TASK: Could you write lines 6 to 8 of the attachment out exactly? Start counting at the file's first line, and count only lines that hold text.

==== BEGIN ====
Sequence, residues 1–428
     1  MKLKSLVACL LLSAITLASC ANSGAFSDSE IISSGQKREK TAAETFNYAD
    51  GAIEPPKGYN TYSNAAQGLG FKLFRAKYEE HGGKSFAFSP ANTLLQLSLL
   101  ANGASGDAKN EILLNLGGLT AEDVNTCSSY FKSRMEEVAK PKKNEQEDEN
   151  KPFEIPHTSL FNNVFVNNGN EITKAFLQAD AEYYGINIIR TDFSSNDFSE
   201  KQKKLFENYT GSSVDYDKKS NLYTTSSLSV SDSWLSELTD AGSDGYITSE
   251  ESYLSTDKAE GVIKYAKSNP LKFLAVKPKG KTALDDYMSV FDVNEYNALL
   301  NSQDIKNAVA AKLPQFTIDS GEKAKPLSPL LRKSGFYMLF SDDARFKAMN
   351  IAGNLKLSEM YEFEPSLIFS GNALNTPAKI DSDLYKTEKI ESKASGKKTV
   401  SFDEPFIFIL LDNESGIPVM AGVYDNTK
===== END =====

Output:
   201  KQKKLFENYT GSSVDYDKKS NLYTTSSLSV SDSWLSELTD AGSDGYITSE
   251  ESYLSTDKAE GVIKYAKSNP LKFLAVKPKG KTALDDYMSV FDVNEYNALL
   301  NSQDIKNAVA AKLPQFTIDS GEKAKPLSPL LRKSGFYMLF SDDARFKAMN